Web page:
An extensively reworked version of the SALDO will be presented in a public hearing at 7:15pm during the next meeting on July 11 and put to vote.

The board approved a motion for that date and time at last week’s meeting.

The board also tabled a motion to advertise for a public hearing on Medical Marijuana Amendments to township zoning Ordinance 110 and Ordinance 901 Definitions.

Material Distributor Approved for Silver Lake Road Site

Material Distributor Approved for Silver Lake Road Site
by Wayne Witkowski
Thursday, June 21, 2018 – Pike County Dispatch

DINGMANS FERRY – A thermal processing materials distributor with a corral of signature customers that includes NASA, Sony, Honeywell and Rolls Royce is relocating from Port Jervis to 523 Silver Lake Road for a planned early fall opening.

The Delaware Township Board of Supervisors approved Dingmans Ferry resident Jeffrey Opitz, owner of applicant Cera Materials, to move forward after a conditional use joint hearing during last week’s meeting.  The three supervisors, Township Administrator Krista Predmore and township Solicitor Thomas Farley were joined at the head table during the hearing by four of the seven members of the township Planning Commission, including Chairman Len Glamann, Vice Chairman Ron Hough and members LoriAnn Hynes and Robyn Eldred, as well as township engineer Jon Tressler of Boucher & James.

Opitz also is a member of the Planning Commission, but Farley made it clear at the meeting that Opitz was appointed after submitting a letter of interest long after he had applied for the conditional use permit.  Opitz recused himself from the Planning Commission during meetings it had held on the application.

The condition use calls for a PennDot Highway Occupancy Permit approval and to include in the deed indicating the easement of two lots included in the 11.47 acre parcel.  The business will take over and restore two buildings for its use on the property, a 45-year old pole barn on one lot that will house office staff and a 5,000 square foot building previously used as a lumberyard that will serve as Cera’s warehouse on the adjoining lot.  Opitz is linking the two lots that were indicated on a subdivision map drawn in 1984 that was presented at the hearing. 

“I think it’s good to take buildings already existing and utilize them,” commented Board of Supervisors Chairman John Henderson of the approval after the meeting.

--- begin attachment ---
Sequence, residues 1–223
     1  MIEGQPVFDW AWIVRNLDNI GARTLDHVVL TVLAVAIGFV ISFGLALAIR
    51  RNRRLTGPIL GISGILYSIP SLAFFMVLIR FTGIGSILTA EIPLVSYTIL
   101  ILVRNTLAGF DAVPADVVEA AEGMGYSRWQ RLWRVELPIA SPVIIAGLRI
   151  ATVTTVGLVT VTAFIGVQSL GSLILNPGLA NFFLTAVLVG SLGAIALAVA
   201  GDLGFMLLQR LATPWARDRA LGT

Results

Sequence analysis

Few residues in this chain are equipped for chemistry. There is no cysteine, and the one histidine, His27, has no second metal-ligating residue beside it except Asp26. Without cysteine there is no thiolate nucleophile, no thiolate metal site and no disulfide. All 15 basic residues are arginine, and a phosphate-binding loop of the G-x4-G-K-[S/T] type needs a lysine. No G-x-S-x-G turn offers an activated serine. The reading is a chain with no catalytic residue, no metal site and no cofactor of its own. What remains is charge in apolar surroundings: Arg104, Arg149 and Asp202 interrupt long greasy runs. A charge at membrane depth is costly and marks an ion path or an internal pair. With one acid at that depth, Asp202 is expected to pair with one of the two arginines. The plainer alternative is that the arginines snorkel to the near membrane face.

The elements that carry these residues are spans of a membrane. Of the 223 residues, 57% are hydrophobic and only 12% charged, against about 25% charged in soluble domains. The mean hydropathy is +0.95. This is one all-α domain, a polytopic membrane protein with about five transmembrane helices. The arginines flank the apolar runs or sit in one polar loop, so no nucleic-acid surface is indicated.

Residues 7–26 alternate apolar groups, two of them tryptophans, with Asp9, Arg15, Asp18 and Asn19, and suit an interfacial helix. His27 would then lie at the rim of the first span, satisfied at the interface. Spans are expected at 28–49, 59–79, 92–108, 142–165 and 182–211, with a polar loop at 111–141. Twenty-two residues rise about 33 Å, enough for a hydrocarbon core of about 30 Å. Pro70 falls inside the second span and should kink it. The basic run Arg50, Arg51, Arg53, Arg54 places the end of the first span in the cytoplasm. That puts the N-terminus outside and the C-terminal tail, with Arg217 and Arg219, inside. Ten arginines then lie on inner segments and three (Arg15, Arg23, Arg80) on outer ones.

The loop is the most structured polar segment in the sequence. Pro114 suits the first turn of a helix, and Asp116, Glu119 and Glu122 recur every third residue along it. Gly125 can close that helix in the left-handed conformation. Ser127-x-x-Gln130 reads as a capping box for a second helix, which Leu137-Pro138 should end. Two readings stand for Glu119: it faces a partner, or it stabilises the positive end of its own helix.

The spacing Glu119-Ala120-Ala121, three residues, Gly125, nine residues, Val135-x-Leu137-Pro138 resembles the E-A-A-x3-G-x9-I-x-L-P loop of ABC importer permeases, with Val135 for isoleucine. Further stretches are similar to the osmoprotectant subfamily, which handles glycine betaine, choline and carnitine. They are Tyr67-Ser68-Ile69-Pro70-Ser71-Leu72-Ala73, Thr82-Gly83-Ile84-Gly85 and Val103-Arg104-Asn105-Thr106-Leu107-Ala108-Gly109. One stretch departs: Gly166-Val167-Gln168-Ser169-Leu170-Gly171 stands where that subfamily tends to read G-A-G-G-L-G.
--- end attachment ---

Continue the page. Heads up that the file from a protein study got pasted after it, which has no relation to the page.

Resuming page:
Opitz has four full-time employees for his distributorship, which handles more than 20 products such as graphite carbon insulation, graphite insulation customized shapes and specialty felt for batteries.  Other clients include Stanley Black & Decker, Space X, Kenna Metal and Milwaukee Tools in what Opitz said during the hearing is a “pretty diverse customer base” from aerospace to concentrated heat testings and homeowner applications such as material for wood-burning stoves.

During his testimony at the hearing Opitz handed out samples of his products to the supervisors said that his company is strictly business-to-business with not retail sale to the public.  “In no way are we a manufacturer or fabricator.  We’re strictly a distributor,” Opitz said.

He said the products are non-hazardous and safe to ship in a high transportation environment.

“we hope to have it opened by September,” said Opitz, a graduate of Delaware Valley High School and the University of Pittsburgh who worked for the company for three years before taking ownership a year ago.  “For me, it’s really great to move my business to a place where I rode back and forth on the school bus every day.”

Opitz credits a solid staff and “smart digital marketing” as keys to his company getting well established and his quick ascent to ownership.

The supervisors voted their unanimous approval as the half-hour hearing ended and then gave approval again when the regular meeting resumed.  No residents or members of the Planning Commission offered testimony or criticisms during the hearing.

Tresslar said two minor comments raised in a letter from his offices to Cera on May 1 were addressed and resolved satisfactorily.

Milford attorney Doug Jacobs during the hearing questioned site engineer Gene Ruzanski of Schoenagel & Schoenagel in Greentown as well as Opitz about plan specifics for the business.